(P-value for trend ¼0.05). A low eGFR was not significantly asso-
ciated with the use of antithrombotic drugs studied here. A sig-
nificant, positive interaction between age and eGFR was found
only for the use of antithrombotic agents in patients with a his-
tory of stroke or transient ischaemic attack.
Use of other specific drugs for CAD
In the multivariate analysis, patients with CKD and CAD aged
>85 years were significantly less likely to be treated with RAS
blockers than patients aged <65 years (Table 3). Patients aged
between 65 and 85 years were less likely to be treated with
b-blockers than patients aged <65 years. The P-values for trend
according to age were statistically significant for b-blockers and
for statins or ezetimibe, indicating lower rates of use of these
drugs in older patients with CKD and CAD.
Surprisingly, RAS blockers were significantly less used in
patients with heart failure and an eGFR of <30 mL/min/1.73 m
2
.
A history of AKI was also associated with underuse of this drug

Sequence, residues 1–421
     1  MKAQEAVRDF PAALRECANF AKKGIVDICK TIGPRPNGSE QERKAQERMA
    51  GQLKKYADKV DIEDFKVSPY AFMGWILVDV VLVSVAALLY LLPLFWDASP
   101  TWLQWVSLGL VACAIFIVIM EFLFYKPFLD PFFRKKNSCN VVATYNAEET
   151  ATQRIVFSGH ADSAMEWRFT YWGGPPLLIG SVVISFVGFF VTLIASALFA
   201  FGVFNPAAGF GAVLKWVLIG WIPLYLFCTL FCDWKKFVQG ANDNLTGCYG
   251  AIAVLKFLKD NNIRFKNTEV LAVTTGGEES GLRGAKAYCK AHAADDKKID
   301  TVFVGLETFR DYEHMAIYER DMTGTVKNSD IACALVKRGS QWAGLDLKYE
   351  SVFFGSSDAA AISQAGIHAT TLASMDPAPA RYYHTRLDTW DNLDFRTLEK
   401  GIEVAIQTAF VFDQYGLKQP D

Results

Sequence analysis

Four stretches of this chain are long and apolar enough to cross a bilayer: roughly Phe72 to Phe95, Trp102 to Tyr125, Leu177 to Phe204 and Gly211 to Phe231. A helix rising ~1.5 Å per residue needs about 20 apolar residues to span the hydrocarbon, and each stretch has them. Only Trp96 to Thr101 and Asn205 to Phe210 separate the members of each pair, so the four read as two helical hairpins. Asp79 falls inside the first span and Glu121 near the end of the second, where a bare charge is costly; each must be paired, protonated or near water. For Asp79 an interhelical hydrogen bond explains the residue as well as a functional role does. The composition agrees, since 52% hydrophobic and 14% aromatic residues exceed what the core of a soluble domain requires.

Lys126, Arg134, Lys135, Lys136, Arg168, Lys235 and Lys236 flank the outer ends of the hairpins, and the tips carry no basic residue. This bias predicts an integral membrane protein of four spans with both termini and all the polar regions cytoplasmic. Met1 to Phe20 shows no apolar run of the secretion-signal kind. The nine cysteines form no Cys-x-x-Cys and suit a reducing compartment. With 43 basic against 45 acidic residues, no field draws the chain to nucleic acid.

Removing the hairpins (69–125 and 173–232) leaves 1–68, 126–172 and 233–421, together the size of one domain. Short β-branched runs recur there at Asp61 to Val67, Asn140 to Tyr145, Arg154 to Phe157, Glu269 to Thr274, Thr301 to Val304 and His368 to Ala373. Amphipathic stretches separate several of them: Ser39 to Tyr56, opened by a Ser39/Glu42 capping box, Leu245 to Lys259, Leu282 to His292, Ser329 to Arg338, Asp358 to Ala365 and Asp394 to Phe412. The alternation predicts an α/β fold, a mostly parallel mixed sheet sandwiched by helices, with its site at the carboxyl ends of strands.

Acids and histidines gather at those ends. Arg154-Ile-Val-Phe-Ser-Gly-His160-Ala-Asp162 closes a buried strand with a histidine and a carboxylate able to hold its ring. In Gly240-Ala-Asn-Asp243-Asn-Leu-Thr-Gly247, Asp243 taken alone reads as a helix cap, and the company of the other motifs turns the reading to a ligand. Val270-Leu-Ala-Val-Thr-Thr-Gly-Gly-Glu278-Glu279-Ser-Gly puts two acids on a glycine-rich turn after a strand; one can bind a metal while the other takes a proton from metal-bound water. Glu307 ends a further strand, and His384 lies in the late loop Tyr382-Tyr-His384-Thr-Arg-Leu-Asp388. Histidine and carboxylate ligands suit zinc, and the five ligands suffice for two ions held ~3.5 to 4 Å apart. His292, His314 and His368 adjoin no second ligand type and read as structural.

class. b-blockers were less used in patients with asthma or
COPD but more used in patients with heart failure. Statins or
ezetimibe were used more frequently used in men (Table 3).
The interactions between age and eGFR were not significant for
these three drug classes.
DISCUSSION
We found that the recommended drugs for CVD were being
used in a large majority of patients with CKD receiving nephrol-
ogy care. In the CKD-REIN cohort, age per se was not associated
Cardiovascular drug use by age in CKD patients |201
with the use of antiplatelet agents in CAD or the use of oral anti-
coagulants in atrial fibrillation. Interestingly, we observed the
greater use of antithrombotic drugs in older patients with a his-
tory of stroke or transient ischaemic attack. In contrast, RAS
blockers, b-blockers and lipid-lowering therapies were used less
in older patients with CAD than in younger ones, despite a